As China continues to transform disputed territory in the South China Sea into features capable of sustaining air and naval bases, Vietnam is also upgrading areas it occupies.   Images taken by DigitalGlobe satellites in September show new facilities including a possible dry dock on West London Reef in the Spratly Island chain, around 680 kilometers (422 miles) southeast of Ho Chi Minh City, that could allow boats to stop for maintenance and patrol for longer periods.   While the work is vastly outweighed by what China is doing it suggests Hanoi wants to hold its ground over the contested waterway, even if it risks upsetting Beijing. In August, Philippine President Rodrigo Duterte ordered a construction halt on a 500 square-meter sand bar in the area after a protest from China.   “Maintaining and even consolidating a military and non-military presence has been consistently one of the key approaches for Vietnam’s strategy for the South China Sea,” said Alexander Vuving, a political analyst at the Asia-Pacific Center for Security Studies in Hawaii.   Read more on China’s recent building activities in the South China Sea here   Vietnam has reclaimed about 120 acres across 10 islets since 2014, according to the Washington DC-based Asia Maritime Transparency Initiative, extending runways and adding radar and patrol capabilities. By comparison, China has reclaimed more than 3,200 acres on seven features in the Spratlys, building ports, lighthouses and runways it says are mostly for civilian purposes or defense.  


China unveils satellite network plan for round-the-clock lock on South China Sea

  When completed, the satellite network would be able to monitor the South China Sea around the clock and analyse every object in the waters in detail, including the structure of vessels, Hainan Daily quoted Li Xiaoming, from the Sanya Institute of Remote Sensing and Digital Earth, as saying.   The plan surfaced on Friday after a US think tank released satellite images showing what it said was more Chinese infrastructure built on seven artificial South China Sea islands.   China still building South China Sea islands, think tank says   According to state-run Xinhua, China will launch the satellites, including more sophisticated “hyperspectral” and “synthetic aperture radar” satellites, by 2021 to conduct round-the-clock remote-sensing over the busy waterway.   Collin Koh, a maritime security specialist at Singapore’s Nanyang Technological University, said various technical and climatic factors prevented China’s existing satellite system from giving complete coverage of the disputed waters.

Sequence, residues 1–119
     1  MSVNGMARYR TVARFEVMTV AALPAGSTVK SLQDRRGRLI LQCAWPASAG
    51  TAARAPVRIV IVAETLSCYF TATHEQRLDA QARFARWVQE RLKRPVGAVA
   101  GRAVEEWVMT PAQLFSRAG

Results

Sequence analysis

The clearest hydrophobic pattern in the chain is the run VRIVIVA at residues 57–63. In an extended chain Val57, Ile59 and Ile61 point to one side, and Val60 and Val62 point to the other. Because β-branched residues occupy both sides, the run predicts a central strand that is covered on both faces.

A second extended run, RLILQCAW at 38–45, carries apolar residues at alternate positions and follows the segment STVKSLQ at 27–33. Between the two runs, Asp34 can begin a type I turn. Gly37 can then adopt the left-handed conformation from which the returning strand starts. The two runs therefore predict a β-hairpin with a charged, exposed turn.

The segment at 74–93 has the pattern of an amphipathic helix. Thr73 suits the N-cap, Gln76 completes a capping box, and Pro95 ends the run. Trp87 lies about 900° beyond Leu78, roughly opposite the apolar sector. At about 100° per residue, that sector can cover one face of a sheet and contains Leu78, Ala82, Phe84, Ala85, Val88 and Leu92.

The Great Leap Forward: China’s Pursuit of a Strategic Breakthrough

On February 25, 1956, in a closed session of the 20th Congress of the Communist Party of the Soviet Union, Soviet Premier Nikita Khrushchev gave his “Secret Speech” denouncing Stalin and his cult of personality. The political tremors from this questioning of Communist doctrine traveled across the border to Beijing where Chinese-leader Mao Zedong initially responded with an invitation for criticism (“Let a thousand flowers bloom”), only to double down on his relentless pursuit of internal enemies and continuous revolution. In search of a strategic breakthrough, Mao embarked on the Great Leap Forward, a sweeping, terrifying and, ultimately, catastrophic economic program designed to surpass the achievements of Western industrialization in an accelerated timeframe (in one “big bang”).   Beginning with Deng Xiaoping in 1978, China has since charted a different course, one of economic reform and modernization. This internal change dovetailed with external factors such as the end of the Cold War and expansion of globalization. Nearly forty years later, with hundreds of millions of Chinese lifted from poverty, a growing middle class, and the world’s second largest economy, Beijing’s ascent is one of the most important narratives in modern history. China’s rise has also been graded and moderated in comparison to the turbulent and tragic character of Mao’s era.